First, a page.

Uniform H-Matrices

Program

The programs are uniform, uniform-mm and uniform-lu (see also below) and can be compiled via

scons programs=uniform,uniform-mm,uniform-lu frameworks=seq,tbb

Compression is also supported for construction and matrix-vector multiplication. Choose the wanted compressor via

scons programs=uniform,uniform-mm,uniform-lu frameworks=seq,tbb compressor=<...>

Introduction

Standard H-matrices store the low-rank factors \(U,V\) for each admissible block, which is equivalent to have individual row- and column-bases for each such block.

This has the advantage that for each low-rank block an optimal rank approximation can be used. However, for many application the row- and column spaces are very close per block row/column. Therefore, this storage scheme is not optimal.

Uniform H-matrices use shared bases, i.e., each block row (or column) uses a shared basis \(\mathcal{U_{\tau}}\) (or \(\mathcal{V_{\sigma}}\)) for all blocks in that row (or column) with \(k \times k\) coupling matrices \(S_{\tau,\sigma}\) for each block.

The storage requirements for the actual matrix data is thereby reduced to \(\mathcal{O}(n)\) with \(n\) being the number of rows/columns. However, the cluster bases still need \(\mathcal{O}(n \log n)\) storage, though in practise the majority of the memory is still used by the matrix itself.

It should be noted that the number of low-rank blocks sharing a particular basis is limited by the constant \(c\_{sp}\).

Finally, H²-matrices represent the cluster bases in a nested way, only storing bases only for the leaf clusters and all other bases only indirectly by transfer matrices.

Though this brings down the total storage to \(\mathcal{O}(n)\) it also may result in several problems. If a relaxed (weak) admissibility is used, rank-problems, e.g., larger than expected rank, in a single block induces a significant rank growth in all blocks because of the sharing and nestedness of the bases. For uniform H-matrices, only a single block row/column would be affected and in H-matrices only the specific block.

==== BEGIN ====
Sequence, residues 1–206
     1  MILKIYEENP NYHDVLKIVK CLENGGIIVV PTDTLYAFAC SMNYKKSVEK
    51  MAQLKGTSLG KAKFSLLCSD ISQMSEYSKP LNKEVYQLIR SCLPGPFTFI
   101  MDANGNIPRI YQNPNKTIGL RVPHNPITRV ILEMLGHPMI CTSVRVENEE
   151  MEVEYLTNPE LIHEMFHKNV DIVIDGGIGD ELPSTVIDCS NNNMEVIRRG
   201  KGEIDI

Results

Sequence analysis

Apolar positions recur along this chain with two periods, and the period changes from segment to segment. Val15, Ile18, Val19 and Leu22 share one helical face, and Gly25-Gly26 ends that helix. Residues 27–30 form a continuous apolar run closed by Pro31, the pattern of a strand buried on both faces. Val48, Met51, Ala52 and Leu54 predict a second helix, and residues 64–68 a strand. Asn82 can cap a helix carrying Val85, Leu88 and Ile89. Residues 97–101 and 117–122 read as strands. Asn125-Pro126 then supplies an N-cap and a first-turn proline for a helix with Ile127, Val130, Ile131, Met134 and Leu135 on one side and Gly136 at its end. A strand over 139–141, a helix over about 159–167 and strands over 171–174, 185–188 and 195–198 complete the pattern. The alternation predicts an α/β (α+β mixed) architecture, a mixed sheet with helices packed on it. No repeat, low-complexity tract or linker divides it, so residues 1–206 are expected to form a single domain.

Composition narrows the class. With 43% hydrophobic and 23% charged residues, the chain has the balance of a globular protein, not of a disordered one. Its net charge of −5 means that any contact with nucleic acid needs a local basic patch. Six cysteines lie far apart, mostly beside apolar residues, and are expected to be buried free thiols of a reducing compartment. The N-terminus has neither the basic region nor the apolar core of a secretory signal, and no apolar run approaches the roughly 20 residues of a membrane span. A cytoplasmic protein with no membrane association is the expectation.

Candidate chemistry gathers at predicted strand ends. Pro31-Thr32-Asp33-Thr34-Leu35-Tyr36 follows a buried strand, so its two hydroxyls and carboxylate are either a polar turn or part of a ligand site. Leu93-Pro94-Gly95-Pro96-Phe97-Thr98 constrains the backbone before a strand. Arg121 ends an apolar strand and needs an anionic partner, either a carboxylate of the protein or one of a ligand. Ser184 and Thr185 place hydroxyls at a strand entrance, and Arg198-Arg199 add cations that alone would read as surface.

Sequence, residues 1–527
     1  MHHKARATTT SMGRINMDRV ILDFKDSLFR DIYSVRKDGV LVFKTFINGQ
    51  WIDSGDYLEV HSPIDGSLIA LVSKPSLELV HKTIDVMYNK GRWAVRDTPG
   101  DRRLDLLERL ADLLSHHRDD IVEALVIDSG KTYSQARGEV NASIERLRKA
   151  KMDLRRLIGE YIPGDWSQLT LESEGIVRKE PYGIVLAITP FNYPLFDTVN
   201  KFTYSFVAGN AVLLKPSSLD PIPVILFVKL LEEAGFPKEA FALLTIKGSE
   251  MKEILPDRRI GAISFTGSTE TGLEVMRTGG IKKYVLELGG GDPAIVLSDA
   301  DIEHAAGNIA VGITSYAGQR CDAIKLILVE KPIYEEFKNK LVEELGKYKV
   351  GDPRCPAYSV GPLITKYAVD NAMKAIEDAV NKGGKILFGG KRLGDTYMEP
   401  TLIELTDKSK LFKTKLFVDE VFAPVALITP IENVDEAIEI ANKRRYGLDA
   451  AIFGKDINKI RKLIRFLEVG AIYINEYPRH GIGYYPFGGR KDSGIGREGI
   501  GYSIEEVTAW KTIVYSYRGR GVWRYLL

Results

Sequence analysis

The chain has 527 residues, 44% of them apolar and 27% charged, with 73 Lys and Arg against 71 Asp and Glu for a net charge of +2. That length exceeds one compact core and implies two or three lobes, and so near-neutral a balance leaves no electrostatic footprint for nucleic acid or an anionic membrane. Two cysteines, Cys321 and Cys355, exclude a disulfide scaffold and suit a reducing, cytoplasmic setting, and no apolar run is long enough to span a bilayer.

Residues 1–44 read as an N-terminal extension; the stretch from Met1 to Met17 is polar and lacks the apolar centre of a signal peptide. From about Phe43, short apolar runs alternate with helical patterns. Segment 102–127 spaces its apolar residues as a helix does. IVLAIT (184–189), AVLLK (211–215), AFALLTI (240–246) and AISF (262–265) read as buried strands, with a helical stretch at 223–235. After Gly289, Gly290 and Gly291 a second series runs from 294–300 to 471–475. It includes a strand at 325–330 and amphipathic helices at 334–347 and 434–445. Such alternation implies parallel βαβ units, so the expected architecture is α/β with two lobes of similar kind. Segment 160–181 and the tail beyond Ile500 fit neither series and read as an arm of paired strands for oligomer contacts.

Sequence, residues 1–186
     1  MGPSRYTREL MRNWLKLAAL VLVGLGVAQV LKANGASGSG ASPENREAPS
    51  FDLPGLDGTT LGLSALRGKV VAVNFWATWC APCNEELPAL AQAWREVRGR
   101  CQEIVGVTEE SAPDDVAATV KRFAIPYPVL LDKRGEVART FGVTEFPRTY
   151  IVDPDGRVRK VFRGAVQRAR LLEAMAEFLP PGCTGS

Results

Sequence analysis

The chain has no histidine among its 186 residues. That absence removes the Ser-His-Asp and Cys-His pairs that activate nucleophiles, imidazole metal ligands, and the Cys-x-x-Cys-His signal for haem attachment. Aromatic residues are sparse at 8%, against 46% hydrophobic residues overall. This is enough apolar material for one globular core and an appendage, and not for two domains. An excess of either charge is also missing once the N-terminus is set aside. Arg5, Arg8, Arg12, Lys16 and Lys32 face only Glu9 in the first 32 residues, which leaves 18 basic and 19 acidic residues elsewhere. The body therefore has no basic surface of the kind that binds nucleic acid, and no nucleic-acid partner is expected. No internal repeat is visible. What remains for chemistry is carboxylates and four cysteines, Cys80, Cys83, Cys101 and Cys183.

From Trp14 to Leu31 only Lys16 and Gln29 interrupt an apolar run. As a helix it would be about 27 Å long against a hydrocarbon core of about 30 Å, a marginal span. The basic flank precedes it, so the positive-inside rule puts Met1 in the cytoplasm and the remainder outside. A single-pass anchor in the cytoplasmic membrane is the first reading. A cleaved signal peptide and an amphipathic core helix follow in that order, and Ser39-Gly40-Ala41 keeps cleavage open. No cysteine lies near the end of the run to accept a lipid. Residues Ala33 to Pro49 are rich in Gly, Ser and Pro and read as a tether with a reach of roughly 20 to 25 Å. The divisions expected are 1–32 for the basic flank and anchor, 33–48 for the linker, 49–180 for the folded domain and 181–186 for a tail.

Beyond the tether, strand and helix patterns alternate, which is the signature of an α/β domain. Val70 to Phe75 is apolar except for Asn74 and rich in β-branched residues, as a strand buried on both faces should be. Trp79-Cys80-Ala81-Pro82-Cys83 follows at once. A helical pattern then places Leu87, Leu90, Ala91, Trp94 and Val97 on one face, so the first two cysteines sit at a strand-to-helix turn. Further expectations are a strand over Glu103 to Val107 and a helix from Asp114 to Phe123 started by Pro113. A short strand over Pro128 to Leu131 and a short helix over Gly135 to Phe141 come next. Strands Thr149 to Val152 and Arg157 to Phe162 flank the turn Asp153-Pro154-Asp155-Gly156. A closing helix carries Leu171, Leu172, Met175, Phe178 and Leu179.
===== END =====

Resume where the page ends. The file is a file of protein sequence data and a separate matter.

Furthermore, parallelization is far more problematic because an update to a single block affects all blocks sharing data, i.e., in all blocks in the block rows/columns on all levels with a non-disjoint indexset. In contrast to this, all updates within an H-matrix are completely independent from each other. For uniform H-matrices, only the specific block row/column is affected.

Uniform H-matrices are therefore an option to optimize memory storage while still keeping algorithmic properties close to standard H-arithmetic and we will investigate this here.

Matrix-Construction (uniform)

Two different algorithms are implemented for constructing the cluster bases for uniform H-matrices.

The first algorithm recursively goes through the block tree and constructs standard low-rank blocks \(A_{\tau,\sigma} = U_{\tau,\sigma} V_{\tau,\sigma}^H\). By applying QR factorization to the low-rank factors, one can construct and local representation with orthogonal bases \(\mathcal{W},\mathcal{X}\) :

\[\begin{split} \begin{aligned} \mathcal{W} R_w & = U_{\tau,\sigma} \\ \mathcal{X} R_x & = V_{\tau,\sigma} \end{aligned} \end{split}\]

and a coupling matrix \(S_{\tau,\sigma} = R_w R_x^H\).

Assuming that this is not the first low-rank block (in which case \(\mathcal{W},\mathcal{X}\) are the corresponding block row/column bases), we extend the current row as

\[\begin{split} \begin{aligned} & \begin{pmatrix} \mathcal{U}_{\tau} S_{\tau,\sigma_1} \mathcal{V}_{\sigma_1}^H & \cdots & \mathcal{U}_{\tau} S_{\tau,\sigma_i} \mathcal{V}_{\sigma_i}^H & \mathcal{W} T_{\tau,\sigma} \mathcal{X}^H \end{pmatrix} \\ & = \begin{pmatrix} \mathcal{U}_{\tau} & \mathcal{W} \end{pmatrix} \begin{pmatrix} S_{\tau,\sigma_1} & \cdots & 0 \\ 0 & \cdots & T_{\tau,\sigma} \end{pmatrix} \begin{pmatrix} \mathcal{V}_{\sigma_1} & & \\ & \ddots & \\ & & \mathcal{X} \\ \end{pmatrix}^H \end{aligned} \end{split}\]

As the right-most factor forms an orthogonal matrix (all bases are assumed to be orthogonal!), we can omit it for the computation of a new row basis, yielding

\[\begin{split} \begin{pmatrix} \mathcal{U}_{\tau} & \mathcal{W} \end{pmatrix} \begin{pmatrix} S_{\tau,\sigma_1} & \cdots & 0 \\ 0 & \cdots & T_{\tau,\sigma} \end{pmatrix} \end{split}\]

By applying QR factorization to the right factor, one obtains

\[ \begin{pmatrix} \mathcal{U}_{\tau} & \mathcal{W} \end{pmatrix} R^H Q^H \]

of which again the factor \(Q^H\) can be omitted. For the remaining \(k \times 2k\) matrix \(\begin{pmatrix} \mathcal{U}_{\tau} & \mathcal{W} \end{pmatrix} R^H\) a new row basis is computed by any of the standard techniques, e.g., SVD, RRQR, RandSVD, etc…

Finally, after updating the coupling matrices of the existing uniform blocks, the new block was integrated into the uniform H-matrix.